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Latest news on the Tikopia Project.
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BBC film about Anuta to be shown on TV

General NewsTuesday, August 28, 2007
BBC film about Anuta to be shown on TV

The 3rd episode of the latest ‘Tribe’ series takes Bruce Parry to the tiny island of Anuta, sister island to Tikopia. This program was filmed by the BBC on Anuta last year. Read about their first research visit in Klaus’ report below.
It will be shown on BBC2 on Tuesday 4th September at 9pm UK time. You can also read about it on the BBC website:
http://www.bbc.co.uk/tribe/programmes/index.shtml#anuta

Unfortunately, last year we were not ready yet to sail Bruce to the island on a Tama Moana (Child of the Sea) double canoe, so he sailed there on a French production cat, but he does go fishing on one of the native canoes.

Klaus Hympendahl is now working full time on raising the funds for the Tikopia Project. We will soon be able to give more details of progress and a voyage plan.

The major British newspapers have taken particular interest in the Anuta episode of Tribe and this article was published in the Observer of 26th August:
http://www.guardian.co.uk/travel/solomonislands
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Fund raising Prize Draw at Beale Park Boatshow – 9-11th June 2006

General NewsFund raising Prize Draw at Beale Park Boatshow – 9-11th June

It is some time since the project went live on this website. Since then we have had some very good responses from people and donations have quietly been coming in, both on this site, but also many via www.wharram.com

Four British Yacht magazines have published news items on the project. The first and biggest piece was in Sailing Today. They kindly have let us reproduce it on this website. See below.

Individuals have come up with ideas to raise money. A Tiki 26 builder/sailor in the USA has played music at a festival in aid of the Tikopia project, others are just passing the message to many of their friends.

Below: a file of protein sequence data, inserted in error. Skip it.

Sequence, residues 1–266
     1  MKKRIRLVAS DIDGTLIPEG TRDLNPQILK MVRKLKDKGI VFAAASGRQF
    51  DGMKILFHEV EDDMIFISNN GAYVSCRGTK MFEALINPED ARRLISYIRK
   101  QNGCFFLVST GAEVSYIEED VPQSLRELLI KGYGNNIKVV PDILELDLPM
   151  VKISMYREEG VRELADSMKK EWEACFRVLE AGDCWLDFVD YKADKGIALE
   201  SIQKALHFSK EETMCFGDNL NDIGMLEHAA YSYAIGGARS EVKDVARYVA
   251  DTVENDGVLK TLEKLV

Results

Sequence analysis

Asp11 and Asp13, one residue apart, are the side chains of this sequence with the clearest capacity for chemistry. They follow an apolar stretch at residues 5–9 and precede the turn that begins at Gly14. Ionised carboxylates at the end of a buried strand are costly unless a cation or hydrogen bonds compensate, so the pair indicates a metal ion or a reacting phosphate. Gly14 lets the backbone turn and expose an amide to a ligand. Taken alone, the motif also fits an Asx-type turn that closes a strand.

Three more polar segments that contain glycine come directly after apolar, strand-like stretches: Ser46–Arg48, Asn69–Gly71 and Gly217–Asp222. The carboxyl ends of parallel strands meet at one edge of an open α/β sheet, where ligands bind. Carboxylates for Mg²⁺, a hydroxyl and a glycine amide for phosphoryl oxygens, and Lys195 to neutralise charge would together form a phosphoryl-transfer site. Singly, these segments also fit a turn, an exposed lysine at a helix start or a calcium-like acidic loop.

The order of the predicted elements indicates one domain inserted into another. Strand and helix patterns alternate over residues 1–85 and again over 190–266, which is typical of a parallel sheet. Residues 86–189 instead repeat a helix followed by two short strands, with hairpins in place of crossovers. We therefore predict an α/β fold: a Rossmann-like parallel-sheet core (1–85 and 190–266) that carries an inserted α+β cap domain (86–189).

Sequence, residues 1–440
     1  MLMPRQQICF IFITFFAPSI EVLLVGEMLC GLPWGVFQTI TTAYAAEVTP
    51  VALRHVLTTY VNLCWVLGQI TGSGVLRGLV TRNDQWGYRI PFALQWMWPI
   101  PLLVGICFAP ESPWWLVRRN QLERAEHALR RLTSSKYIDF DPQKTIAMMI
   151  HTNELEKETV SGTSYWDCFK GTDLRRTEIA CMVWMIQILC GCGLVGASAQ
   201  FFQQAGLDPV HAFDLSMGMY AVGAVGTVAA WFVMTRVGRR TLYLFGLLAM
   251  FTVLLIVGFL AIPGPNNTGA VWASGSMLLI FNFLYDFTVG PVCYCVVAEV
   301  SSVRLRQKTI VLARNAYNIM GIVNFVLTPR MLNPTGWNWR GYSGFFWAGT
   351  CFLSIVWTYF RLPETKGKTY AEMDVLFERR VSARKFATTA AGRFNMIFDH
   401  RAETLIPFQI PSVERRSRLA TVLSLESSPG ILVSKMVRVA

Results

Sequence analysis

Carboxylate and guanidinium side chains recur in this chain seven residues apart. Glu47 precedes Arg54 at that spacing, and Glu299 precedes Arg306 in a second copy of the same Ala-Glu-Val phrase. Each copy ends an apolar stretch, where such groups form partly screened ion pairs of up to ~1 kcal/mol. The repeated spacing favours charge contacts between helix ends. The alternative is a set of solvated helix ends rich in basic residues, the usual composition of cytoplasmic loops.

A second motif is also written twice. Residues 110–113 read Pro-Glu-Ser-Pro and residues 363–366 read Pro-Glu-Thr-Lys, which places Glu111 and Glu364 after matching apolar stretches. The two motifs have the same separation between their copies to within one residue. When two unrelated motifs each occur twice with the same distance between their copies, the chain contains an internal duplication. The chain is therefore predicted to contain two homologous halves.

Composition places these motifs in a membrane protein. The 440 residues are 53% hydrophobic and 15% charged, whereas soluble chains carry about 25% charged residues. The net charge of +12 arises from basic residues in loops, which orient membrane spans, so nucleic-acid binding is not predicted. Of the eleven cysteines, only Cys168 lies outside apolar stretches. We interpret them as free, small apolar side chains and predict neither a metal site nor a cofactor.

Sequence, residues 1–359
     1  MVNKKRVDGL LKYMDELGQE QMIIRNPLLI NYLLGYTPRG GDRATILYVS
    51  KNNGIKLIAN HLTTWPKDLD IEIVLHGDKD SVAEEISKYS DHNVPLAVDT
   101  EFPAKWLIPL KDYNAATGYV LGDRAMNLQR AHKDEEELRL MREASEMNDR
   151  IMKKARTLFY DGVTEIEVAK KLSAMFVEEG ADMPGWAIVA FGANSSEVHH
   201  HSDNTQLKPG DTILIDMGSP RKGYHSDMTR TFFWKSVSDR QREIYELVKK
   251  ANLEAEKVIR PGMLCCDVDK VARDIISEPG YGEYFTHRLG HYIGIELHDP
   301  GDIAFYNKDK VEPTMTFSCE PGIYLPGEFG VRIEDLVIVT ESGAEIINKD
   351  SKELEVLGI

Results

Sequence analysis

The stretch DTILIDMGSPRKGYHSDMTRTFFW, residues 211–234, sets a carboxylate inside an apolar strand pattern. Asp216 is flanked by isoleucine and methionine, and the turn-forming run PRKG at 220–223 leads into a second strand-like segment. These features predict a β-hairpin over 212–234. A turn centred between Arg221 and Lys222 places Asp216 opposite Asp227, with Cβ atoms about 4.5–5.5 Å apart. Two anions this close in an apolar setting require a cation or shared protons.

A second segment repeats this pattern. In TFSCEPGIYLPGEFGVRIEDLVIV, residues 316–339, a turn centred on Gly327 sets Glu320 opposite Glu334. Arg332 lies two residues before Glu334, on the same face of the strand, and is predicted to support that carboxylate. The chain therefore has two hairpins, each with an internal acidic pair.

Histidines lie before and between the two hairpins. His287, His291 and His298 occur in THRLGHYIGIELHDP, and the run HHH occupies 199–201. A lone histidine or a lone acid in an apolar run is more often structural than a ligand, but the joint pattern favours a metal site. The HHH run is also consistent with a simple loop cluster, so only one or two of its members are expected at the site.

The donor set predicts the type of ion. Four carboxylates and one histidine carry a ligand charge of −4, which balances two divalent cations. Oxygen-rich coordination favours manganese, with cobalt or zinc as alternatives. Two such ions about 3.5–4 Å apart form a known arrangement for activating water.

At the end of this week James and I will be exhibiting a 21’ Ethnic catamaran with crabclaw sail at Beale Park Boatshow http://www.bealepark.co.uk/events_item.php?id=85 We will also be raising money for the Tikopia Canoe Project with a special Prize Draw.

Ian Sharpe from Cumbria makes beautiful radio controlled sailing boat models. He has donated as first Prize for the Draw a model of the Wharram Tehini design. The model will be sailing on the lake at Beale Park during the show while tickets will be on sale at £1 each. The Draw will take place at 4.30pm on Sunday 11th . There are also 5 extra prizes of signed copies of the book ‘Two Girls Two Catamarans’ by James Wharram. We hope we can sell 1000 tickets and raise £1000 for the project.

People in the UK, try to come to Beale Park, it is a lovely day out for anyone interested in ‘real’ boats and you will have the chance to win this superb sailing catamaran model.

SEE YOU THERE


Watch out for the next news:
Klaus Hympendahl has just returned from a visit to Tikopia and Anuta, he has a lot of very positive news to report.

Read the Sailing Today article here
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BBC documentary on Anuta.

General NewsLetter from Klaus Hympendahl

Dear Hanneke, dear James,

As you know, I visited the islands of Anuta and Tikopia in May 2006. I had been asked by a BBC documentary film team to bring their scout Matt Fletcher to both islands in order to ask the chiefs of Anuta for permission to bring a film team to the island in September. Matt and I chartered a yacht in Fiji and due to a long period of calm, we managed to make the 700 miles in 13 days.

Anchoring off Anuta one hour after sunrise the reception could not have been more exciting. I knew from previous visits that the surf makes every yacht dinghy flip over. Therefore, we anchored about 200 meters in the lee, waiting for a boat to pick us up. After an hours time we saw an outrigger with four men heading for us. Just as the first man was reaching for our rope the man in the front looking at me said: “Welcome on Anuta, Klaus!”

I had met Joseph years ago in Lata on Santa Cruz Island, but could not remember him at all. Anyway, I gave each of the four men one of my collected second hand pipes and knew right from the binning a better gift could not be made.
Having visited Tikopia and Anuta four times and having lived on the bigger island of Tikopia for two months in 1997, one year after you came by on GAIA, I knew that to an islander a pipe means as much than a car does to a German.

Matt and I were taken to the island by two outriggers, with all our gear such as mosquito nets etc. I had more pipes, all together 120 for both islands, plus second hand glasses and medical aid. Matt brought some 10-kilo bags of rice as well as sugar, salt, noodles, fishing gear etc.
Anuta has 350 inhabitants and is as small as a housing block in London. There is a spring, some very fertile land and the best fishing ground you can think of.